Prime Minister Theresa May has been accused of misleading Parliament and her government over her grammar schools policy, following accusations she ‘talked-up’ a report which she’d used to support the plans.

According to a Schools Week story, a report commissioned by the Labour-run Knowsley borough council in Merseyside has been used to support the PM’s plans. Speaking in a Prime Minister’s Question session, May claimed the report stated “reintroducing grammar schools is potentially a transformative idea for working-class areas”.

However, the report did not state this. May erroneously attributed a statement made by the report’s producers, the ResPublica think tank, to the report itself. Specifically, it was ResPublica’s director, Phillip Bond, who made the statement in a press release announcing the report’s publication.

The report made almost no references to grammar schools, aside from one of the report’s 33 recommendations, which stated that the government should ensure that any future grammar schools target disadvantaged areas where the existing schools are not rated Good or Outstanding by Ofsted. However, this recommendation was not made by Knowsley council, but by the report’s producers.

May had invoked the report initially to rebut criticism by former shadow education secretary Lucy Powell that additional grammar schools would hinder social mobility.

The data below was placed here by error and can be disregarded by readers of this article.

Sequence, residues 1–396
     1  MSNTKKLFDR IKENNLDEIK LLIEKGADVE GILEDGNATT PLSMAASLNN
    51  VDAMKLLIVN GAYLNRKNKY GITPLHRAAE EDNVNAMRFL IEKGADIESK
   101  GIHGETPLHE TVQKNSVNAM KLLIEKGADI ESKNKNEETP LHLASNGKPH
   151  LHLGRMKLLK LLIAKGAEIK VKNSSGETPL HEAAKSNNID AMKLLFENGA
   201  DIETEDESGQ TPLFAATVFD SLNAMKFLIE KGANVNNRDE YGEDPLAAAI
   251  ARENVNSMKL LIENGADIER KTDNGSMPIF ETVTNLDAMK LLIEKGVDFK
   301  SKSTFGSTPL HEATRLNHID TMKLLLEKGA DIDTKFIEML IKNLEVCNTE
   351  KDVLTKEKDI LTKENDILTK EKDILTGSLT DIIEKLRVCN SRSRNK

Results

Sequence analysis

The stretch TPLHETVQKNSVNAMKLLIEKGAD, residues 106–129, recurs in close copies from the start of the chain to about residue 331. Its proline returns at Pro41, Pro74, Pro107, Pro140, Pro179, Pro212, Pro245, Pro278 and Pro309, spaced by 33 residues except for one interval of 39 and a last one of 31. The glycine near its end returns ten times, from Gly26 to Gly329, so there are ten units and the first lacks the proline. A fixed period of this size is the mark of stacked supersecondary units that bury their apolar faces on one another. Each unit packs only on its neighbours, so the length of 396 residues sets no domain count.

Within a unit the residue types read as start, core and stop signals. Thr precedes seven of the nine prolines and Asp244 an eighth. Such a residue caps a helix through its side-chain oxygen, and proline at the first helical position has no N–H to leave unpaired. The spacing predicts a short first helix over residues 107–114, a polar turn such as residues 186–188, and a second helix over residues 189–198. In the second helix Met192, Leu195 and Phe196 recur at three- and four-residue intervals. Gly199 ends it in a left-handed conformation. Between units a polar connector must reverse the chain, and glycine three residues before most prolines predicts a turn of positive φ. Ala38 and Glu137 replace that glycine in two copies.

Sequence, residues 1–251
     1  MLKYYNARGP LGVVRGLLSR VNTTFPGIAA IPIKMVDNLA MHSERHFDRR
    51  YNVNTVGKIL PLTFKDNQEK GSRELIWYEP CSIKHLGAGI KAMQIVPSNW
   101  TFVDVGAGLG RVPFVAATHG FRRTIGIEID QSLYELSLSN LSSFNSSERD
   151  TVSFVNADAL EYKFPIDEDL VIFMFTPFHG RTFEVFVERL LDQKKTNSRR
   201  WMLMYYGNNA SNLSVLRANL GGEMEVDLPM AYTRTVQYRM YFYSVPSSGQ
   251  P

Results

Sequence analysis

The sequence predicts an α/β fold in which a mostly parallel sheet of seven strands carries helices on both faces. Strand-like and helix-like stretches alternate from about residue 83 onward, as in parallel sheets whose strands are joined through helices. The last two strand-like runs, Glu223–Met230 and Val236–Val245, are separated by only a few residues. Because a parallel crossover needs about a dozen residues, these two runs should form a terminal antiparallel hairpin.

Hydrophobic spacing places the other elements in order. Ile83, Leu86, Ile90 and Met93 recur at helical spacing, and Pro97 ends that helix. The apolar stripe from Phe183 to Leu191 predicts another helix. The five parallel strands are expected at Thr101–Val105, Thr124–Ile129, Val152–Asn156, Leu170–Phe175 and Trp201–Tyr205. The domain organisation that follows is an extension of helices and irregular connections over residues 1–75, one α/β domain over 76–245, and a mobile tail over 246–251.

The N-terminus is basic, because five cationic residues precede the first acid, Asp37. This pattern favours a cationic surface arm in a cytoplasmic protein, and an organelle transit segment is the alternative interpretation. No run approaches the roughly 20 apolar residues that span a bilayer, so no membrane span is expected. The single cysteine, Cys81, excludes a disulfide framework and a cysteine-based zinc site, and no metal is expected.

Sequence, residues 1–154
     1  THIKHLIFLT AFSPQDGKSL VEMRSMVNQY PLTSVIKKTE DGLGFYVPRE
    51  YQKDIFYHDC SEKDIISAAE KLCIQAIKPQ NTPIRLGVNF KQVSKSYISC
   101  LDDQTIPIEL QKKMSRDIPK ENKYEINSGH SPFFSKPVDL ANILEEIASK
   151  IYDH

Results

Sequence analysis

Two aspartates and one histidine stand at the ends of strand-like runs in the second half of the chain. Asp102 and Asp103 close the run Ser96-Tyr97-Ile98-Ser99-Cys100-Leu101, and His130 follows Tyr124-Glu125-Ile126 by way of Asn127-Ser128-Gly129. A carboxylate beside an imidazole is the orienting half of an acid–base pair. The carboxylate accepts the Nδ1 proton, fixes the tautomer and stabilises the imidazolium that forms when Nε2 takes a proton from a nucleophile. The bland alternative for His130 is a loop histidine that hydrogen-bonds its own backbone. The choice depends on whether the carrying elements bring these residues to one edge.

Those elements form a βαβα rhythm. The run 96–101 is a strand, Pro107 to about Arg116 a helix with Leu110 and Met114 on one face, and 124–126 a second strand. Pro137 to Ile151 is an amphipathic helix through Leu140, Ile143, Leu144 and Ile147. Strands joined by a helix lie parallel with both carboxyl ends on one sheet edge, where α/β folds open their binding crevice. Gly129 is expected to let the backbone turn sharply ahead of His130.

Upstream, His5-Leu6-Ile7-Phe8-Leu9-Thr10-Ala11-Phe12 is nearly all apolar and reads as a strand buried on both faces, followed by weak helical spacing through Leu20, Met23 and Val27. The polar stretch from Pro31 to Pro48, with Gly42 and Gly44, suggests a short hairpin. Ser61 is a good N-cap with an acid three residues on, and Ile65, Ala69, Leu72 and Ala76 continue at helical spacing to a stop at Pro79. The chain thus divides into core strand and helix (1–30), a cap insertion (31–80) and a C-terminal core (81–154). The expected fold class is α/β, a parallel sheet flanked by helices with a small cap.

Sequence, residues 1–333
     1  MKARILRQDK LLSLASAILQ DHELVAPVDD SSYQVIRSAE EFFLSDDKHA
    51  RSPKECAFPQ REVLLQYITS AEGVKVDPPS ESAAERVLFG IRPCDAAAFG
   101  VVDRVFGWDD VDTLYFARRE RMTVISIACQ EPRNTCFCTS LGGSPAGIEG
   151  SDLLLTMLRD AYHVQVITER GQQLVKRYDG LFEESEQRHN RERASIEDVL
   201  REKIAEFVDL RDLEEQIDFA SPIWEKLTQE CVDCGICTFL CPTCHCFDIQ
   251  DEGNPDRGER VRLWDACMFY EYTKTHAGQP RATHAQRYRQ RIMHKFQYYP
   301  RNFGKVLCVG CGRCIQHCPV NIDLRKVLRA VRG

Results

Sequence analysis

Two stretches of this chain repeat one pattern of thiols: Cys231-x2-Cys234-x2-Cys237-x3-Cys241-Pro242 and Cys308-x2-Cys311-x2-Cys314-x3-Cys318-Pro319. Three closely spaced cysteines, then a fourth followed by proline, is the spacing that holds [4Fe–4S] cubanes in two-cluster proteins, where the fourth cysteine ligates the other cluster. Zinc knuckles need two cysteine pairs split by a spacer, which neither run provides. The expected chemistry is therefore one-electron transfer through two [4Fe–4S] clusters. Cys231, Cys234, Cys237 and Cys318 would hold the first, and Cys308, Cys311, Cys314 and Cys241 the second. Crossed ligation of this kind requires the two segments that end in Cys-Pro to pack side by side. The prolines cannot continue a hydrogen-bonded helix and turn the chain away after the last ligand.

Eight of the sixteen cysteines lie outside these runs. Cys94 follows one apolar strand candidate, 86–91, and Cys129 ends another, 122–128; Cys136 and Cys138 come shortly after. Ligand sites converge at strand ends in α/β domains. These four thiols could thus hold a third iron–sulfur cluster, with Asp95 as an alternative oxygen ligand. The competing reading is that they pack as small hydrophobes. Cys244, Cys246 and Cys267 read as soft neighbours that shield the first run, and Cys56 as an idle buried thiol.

Knowsley council claims the recommendation in question was later added to the report to “capitalise” on May’s grammar plans, insisting it was not in a version of the report it saw in June.

A council spokesperson said both its chief executive and council leader “fundamentally disagreed” with the grammar findings.

ResPublica said the June report was a draft. A spokesperson said the council had signed off and “welcomed” its version published in October, commenting:

 “It is a pity that Knowsley, for entirely political reasons, chose to repudiate an independent report because they didn’t like one recommendation out of 33.”

Powell commented to Schools Week that  it was “clear” the report had been “amended and over-spun” to “chase an easy headline” following the grammar proposals, saying:

“From the PM down, Conservative grammar school cheerleaders have tried to use this report as a way to talk up grammar schools when it is now clear that Knowsley don’t want a grammar school and the initial report from ResPublica didn’t even contain this recommendation.”